Networking in business - video transcript
In a case study video Paul Casos, Executive Chairman of the Ipswich Events Corporation, explains why networking is so important to business, and the need to be genuine when networking:
[Paul Casos, Executive Chairman, Ipswich Events Corporation]
My name is Paul Casos. I'm the Executive Chairman of the Ipswich Events Corporation. This particular company was founded some 18 years ago. We are into events: organising events, managing events, and marketing, here in the Ipswich area.
Networking is the lifeblood of an events company. Very important that not only do we network with the community — probably all of our stakeholders, whether they be the business community, all of our major sponsors, the not-for-profit organisations in Ipswich we interact with or wherever you interact with — very important indeed to get out and network.
The benefits for a business such as ours is particularly important from the sponsorship side of life because sponsorship is the lifeblood — getting the revenue in for an events company just allows us to do so much more. So it's looking around the community, identifying all those target groups and then setting some strategies for how to network to be able to develop the rapport with the movers and shakers in those organisations that can benefit your own company.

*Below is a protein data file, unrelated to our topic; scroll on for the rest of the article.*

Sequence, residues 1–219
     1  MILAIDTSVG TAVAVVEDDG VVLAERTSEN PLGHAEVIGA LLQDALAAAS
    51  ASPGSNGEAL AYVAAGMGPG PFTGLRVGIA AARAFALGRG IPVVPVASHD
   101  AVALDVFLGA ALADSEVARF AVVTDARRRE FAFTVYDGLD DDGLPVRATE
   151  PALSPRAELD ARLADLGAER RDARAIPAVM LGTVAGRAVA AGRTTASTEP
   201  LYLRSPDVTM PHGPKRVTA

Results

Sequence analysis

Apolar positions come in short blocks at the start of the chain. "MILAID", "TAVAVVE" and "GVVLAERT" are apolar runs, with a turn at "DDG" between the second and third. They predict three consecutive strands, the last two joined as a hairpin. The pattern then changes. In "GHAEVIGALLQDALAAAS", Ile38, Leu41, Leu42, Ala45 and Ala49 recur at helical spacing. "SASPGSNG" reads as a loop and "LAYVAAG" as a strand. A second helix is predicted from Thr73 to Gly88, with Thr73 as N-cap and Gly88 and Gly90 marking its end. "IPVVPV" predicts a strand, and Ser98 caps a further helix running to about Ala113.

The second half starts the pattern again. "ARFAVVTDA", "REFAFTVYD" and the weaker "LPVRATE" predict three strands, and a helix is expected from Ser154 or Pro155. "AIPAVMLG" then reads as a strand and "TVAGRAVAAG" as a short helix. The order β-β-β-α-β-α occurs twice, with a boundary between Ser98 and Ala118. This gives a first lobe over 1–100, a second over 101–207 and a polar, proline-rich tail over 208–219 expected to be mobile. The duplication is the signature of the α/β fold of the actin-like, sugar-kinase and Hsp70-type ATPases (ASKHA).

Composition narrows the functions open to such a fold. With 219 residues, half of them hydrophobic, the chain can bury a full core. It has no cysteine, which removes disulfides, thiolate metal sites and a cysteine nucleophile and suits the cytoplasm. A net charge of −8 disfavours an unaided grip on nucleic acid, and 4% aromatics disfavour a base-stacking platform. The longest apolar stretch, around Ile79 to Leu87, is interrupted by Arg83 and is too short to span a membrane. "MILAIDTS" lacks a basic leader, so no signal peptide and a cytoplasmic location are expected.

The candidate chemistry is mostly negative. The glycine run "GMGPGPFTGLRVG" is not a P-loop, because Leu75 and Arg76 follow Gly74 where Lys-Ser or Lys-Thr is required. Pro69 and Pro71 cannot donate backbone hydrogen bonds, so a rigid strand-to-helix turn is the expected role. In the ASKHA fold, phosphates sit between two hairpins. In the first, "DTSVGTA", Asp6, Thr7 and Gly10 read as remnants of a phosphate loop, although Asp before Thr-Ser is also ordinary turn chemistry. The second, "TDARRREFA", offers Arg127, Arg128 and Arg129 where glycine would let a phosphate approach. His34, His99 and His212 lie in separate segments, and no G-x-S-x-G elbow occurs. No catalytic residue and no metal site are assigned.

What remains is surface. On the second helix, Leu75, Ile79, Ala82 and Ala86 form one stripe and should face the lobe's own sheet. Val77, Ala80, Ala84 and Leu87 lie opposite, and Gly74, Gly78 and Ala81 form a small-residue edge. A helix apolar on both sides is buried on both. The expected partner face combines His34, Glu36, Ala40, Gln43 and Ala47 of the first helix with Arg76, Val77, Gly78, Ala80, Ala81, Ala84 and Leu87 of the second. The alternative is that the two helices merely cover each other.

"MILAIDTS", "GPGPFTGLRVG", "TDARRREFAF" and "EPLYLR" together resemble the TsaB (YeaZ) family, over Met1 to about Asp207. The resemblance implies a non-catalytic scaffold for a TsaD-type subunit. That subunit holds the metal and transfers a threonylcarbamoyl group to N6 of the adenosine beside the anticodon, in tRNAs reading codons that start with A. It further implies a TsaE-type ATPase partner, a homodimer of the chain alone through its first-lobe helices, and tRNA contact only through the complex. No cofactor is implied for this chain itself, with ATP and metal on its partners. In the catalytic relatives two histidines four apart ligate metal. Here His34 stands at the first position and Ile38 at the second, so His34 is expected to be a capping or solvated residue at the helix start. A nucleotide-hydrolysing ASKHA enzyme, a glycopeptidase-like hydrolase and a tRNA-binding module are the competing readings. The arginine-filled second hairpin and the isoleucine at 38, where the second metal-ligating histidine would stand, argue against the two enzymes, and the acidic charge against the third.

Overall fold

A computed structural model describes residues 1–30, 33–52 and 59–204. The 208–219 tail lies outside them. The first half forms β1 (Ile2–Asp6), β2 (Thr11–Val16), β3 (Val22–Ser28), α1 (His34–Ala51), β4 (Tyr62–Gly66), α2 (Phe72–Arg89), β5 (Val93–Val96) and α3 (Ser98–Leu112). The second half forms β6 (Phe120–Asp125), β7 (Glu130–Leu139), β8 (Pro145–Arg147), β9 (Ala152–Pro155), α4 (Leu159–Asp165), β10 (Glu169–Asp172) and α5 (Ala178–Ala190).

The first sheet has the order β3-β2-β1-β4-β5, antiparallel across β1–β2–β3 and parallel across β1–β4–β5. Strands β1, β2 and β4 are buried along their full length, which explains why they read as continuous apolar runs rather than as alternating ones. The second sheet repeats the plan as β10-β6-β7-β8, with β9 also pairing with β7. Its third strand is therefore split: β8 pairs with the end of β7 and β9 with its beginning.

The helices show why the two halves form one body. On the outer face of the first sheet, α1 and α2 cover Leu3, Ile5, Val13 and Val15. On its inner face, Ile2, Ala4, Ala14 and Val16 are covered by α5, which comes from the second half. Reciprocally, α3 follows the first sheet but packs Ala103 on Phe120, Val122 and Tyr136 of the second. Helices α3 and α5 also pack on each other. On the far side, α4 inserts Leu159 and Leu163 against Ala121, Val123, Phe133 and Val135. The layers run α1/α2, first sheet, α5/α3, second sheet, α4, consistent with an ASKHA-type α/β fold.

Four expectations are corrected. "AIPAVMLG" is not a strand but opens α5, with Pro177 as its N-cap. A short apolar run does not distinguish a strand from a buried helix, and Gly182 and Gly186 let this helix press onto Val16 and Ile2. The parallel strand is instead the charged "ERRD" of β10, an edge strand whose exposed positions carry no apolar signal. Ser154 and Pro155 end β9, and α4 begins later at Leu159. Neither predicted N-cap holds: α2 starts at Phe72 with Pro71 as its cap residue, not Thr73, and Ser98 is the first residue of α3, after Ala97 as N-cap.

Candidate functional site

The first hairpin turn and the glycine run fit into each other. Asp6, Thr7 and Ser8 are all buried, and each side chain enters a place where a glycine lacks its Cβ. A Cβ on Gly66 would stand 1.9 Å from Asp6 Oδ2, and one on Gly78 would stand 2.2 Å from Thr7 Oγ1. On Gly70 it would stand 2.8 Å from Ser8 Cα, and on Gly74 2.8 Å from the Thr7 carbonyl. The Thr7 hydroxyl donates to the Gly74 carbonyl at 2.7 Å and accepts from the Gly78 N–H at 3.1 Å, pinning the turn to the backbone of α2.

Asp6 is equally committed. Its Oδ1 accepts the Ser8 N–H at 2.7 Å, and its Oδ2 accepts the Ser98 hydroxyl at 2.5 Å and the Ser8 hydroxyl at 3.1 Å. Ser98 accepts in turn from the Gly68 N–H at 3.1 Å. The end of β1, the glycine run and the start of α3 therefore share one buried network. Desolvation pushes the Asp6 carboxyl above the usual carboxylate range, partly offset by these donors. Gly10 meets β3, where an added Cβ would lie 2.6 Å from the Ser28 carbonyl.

If you're going to a particular function, do your research on who is going to be there. Try to get a list of those people before you go. Identify the particular people, the businesses they're coming from, those people you want to be introduced to, and also to seek others out who are at that function who may be able to provide a one-on-one introduction to those particular people, and that's very important to do.
The other thing I'd like to say is that you must be genuine about networking. People see you coming a mile away if you just arrive in a town and suddenly you're going to tell them how to do their business. You don't do that. What you do is sit back, take it all in, identify yourself, but play a part in that community. Play a genuine part in the community. Join the Chamber of Commerce or join the other networking groups that are in town and play your part. Put your hand up. Volunteer to do things in the community. What I've always found is that people like to deal with people they know, and therefore the more you can be put in front of people, when an opportunity comes along that may involve your business, you're the first person they think of and they'll turn to you.
- Last reviewed: 18 Jul 2017
- Last updated: 27 May 2020